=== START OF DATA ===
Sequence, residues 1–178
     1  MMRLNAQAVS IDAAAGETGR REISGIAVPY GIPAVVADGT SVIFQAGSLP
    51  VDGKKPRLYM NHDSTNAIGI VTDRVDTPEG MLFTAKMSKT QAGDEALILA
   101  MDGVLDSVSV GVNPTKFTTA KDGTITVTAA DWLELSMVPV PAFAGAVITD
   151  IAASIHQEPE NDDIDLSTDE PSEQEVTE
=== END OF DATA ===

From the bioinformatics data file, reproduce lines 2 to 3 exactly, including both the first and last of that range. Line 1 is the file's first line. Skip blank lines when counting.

     1  MMRLNAQAVS IDAAAGETGR REISGIAVPY GIPAVVADGT SVIFQAGSLP
    51  VDGKKPRLYM NHDSTNAIGI VTDRVDTPEG MLFTAKMSKT QAGDEALILA